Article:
Formula 1 Monaco Grand Prix 2018 Review

Red Bull’s Daniel Ricciardo got ‘redemption’ for the Monaco victory that was stolen away from him in 2016 by a Red Bull pitlane blunder. But, it was not an easy victory for Ricciardo, who lost his battery boost on lap 18, having to race 77% of the race with 160 less horsepower than his rivals, and as a result of the MGU-K failure, his rear brakes were overheating and effectively had two fewer gears than his rivals.

Ultimately, it was still Monaco, which, I believe is the dullest, most processional race of the entire season, an opinion that I have held since I started watching F1 back in 1992. So, there isn’t much to write about, despite the battle Ricciardo had with his own car as much as Vettel, who couldn’t take advantage of the ailing car of Ricciardo, despite a significant power advantage over the Australian’s Red Bull RB14.

Williams had a nightmare race in Monaco, which started before a wheel was turned in anger. The Williams crew failed to have all four wheels on Sergey Sirotkin’s car by the 3-minute warning on the grid, which triggered a 10 second stop/go penalty. And, when the penalty was served on lap 8, Williams found themselves under investigation for working on the car in the pit box during the penalty period. Which, Williams were later found innocent, they only used cooling fans to keep the car cool while stationary.

I really wonder what has gone wrong at Williams? Which, if you force me to pick a team, would be my favorite. Seriously, not having the wheels on the car on the grid in time, the complete lack of pace, qualifying near or at the back of the grid often, with two pay drivers, who clearly are not good at developing the car. It truly saddens me to see how the formerly great F1 team have fallen from grace.

At the midpoint of the Grand Prix, it looked like the hardest of the available tire compounds, the super soft tire was the race tire to be on, the mid-pack was running faster lap times than the leaders, running the ultra-soft tire. Which turned on its head, later in the race, as drivers who started on the ultra-soft tires, then switched to the hyper-soft tires about 30 laps from the chequered flag were the cars on the move.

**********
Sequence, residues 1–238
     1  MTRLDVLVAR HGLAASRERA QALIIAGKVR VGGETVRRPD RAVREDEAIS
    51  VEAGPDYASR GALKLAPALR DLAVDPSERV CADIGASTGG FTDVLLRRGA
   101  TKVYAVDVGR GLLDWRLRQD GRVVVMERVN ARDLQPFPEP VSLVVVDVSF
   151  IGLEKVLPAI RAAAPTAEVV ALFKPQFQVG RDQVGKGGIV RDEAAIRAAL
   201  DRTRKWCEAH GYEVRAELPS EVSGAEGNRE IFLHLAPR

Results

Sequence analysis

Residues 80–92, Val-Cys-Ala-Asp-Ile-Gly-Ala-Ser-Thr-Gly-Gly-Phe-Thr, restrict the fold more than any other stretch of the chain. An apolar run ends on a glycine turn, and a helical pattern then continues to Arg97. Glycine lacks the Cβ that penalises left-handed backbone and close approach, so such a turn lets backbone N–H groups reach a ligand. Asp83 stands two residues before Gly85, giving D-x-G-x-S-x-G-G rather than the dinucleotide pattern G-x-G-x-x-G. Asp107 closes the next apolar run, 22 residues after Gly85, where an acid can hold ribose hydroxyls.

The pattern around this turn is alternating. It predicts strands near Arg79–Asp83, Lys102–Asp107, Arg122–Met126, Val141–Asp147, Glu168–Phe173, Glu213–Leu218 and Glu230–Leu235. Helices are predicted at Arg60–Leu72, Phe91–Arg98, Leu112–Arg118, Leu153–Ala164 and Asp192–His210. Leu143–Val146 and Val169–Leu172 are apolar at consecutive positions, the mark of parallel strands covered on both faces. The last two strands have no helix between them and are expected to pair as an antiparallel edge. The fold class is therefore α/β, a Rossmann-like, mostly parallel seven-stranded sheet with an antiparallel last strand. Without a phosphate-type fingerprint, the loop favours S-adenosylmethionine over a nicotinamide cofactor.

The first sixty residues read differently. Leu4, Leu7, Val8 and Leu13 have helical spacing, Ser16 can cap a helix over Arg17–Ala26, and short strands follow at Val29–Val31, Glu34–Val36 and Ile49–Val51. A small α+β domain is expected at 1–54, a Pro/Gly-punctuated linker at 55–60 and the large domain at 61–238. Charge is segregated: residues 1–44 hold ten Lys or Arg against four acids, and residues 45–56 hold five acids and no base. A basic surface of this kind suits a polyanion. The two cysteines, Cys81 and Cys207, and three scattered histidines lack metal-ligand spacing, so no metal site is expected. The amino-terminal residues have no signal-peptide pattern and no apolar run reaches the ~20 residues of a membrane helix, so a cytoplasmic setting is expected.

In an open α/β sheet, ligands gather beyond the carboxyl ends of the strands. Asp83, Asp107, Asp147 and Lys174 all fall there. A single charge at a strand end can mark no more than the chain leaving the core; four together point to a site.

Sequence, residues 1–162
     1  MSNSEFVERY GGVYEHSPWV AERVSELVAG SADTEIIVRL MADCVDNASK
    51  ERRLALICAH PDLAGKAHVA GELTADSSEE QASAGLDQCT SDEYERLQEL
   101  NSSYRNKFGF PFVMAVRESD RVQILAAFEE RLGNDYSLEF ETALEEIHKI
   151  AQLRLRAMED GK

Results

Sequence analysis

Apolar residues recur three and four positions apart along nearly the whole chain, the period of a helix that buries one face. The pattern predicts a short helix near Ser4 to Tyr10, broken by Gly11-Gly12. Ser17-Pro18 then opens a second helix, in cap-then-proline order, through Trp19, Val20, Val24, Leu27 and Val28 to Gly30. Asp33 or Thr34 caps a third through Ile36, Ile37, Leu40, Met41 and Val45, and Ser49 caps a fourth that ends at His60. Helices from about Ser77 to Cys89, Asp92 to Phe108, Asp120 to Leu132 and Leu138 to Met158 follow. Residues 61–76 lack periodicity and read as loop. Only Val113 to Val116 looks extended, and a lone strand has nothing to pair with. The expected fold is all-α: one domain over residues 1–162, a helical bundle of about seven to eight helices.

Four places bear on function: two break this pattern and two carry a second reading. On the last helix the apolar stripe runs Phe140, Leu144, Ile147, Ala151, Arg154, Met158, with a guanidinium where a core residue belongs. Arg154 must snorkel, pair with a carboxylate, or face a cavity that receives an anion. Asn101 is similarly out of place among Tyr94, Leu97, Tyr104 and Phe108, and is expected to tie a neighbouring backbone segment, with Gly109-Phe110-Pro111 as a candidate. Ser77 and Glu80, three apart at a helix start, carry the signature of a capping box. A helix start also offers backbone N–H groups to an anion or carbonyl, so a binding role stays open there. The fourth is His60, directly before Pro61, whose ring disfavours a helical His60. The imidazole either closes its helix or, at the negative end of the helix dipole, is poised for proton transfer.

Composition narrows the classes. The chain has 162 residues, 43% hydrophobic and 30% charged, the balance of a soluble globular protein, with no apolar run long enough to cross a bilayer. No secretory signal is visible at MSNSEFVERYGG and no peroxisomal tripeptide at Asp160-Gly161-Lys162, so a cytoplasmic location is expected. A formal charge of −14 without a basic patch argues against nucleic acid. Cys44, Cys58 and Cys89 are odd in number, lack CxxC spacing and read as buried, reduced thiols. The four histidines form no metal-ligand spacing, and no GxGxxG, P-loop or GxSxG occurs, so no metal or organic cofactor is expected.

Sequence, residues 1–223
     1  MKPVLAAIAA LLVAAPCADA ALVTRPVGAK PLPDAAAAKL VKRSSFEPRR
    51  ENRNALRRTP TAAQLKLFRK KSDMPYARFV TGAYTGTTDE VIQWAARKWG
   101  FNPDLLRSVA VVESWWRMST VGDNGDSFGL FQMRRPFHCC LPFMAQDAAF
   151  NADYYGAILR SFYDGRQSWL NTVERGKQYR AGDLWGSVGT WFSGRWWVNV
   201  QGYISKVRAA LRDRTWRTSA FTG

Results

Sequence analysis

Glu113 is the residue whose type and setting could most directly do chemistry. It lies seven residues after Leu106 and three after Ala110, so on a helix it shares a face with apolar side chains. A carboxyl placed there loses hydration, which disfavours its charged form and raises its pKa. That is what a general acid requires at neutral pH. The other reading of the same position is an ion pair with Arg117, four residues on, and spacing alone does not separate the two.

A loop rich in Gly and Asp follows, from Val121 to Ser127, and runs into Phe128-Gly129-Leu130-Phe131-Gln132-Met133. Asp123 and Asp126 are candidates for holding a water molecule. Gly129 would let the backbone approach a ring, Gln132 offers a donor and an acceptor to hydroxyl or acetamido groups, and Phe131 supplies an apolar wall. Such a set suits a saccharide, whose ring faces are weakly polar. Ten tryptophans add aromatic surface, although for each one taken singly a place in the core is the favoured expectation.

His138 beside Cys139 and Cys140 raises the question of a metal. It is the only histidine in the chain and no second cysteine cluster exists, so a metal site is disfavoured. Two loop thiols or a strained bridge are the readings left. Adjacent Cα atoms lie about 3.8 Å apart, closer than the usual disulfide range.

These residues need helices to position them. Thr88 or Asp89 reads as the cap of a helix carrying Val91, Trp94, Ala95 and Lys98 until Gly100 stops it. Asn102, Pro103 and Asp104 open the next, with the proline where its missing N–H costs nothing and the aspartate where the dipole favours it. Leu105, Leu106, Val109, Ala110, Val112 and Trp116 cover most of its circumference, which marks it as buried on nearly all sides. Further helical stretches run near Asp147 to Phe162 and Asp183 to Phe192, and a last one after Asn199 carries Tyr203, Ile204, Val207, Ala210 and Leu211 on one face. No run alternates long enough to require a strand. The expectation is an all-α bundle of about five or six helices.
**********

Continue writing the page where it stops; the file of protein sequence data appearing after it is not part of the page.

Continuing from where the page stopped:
This saw Carlos Sainz drop back from eighth to 10th place as Renault teammate, Nico Hulkenberg, and Red Bull’s Max Verstappen, who was recovering from 20th place, overtook the Spaniard using the softer, stickier hyper-soft tire. But, then the challenge fizzled out as the pair cruised up to the back of Pierre Gasly, despite Gasly being on the slower super-soft tire, Monaco’s famous lack of overtaking struck again.

Other events of note were Fernando Alonso’s retirement from 7th place on lap 52 with a gearbox issue, which I presume is doing nothing to convince the Spaniard to stay with McLaren or maybe, even F1. And, Charles Leclerc suffering a total brake failure coming out of the tunnel going into the chicane, and, despite trying his best to avoid a collision, he plowed into the back of Brendan Hartley’s Toro Rosso.

As much as I am happy to see Daniel Ricciardo get his ‘redemption’, it only happened because of the nature of Monaco, if it was a dedicated race track, there would be no way that Ricciardo would have been able to hold onto the victory being 160bhp down. Not, that this will happen, but I feel it’s time to reevaluate the principality’s place on the Formula 1 calendar, I for one, won’t miss it if it gets canned.

Monaco Grand Prix 2018 Results

1. Daniel Ricciardo (Red Bull) 1:42:54.807
2. Sebastian Vettel (Ferrari) +7.336
3. Lewis Hamilton (Mercedes) +17.013
4. Kimi Raikkonen (Ferrari) +18.127
5. Valtteri Bottas (Mercedes) +18.822
6. Esteban Ocon (Force India) +23.667
7. Pierre Gasly (Toro Rosso) +24.331
8. Nico Hulkenberg (Renault) +24.839
9. Max Verstappen (Red Bull) +25.317
10. Carlos Sainz (Renault) +69.013


I have been a F1 fan since 1992, the year Mansell won his first and only F1 drivers title, my interest in the sport has waned and been revived many times, it seems I just cannot stay away from the sport. I enjoy writing, so I have combined my love of F1 and writing and what you are reading now is the result of those two passions.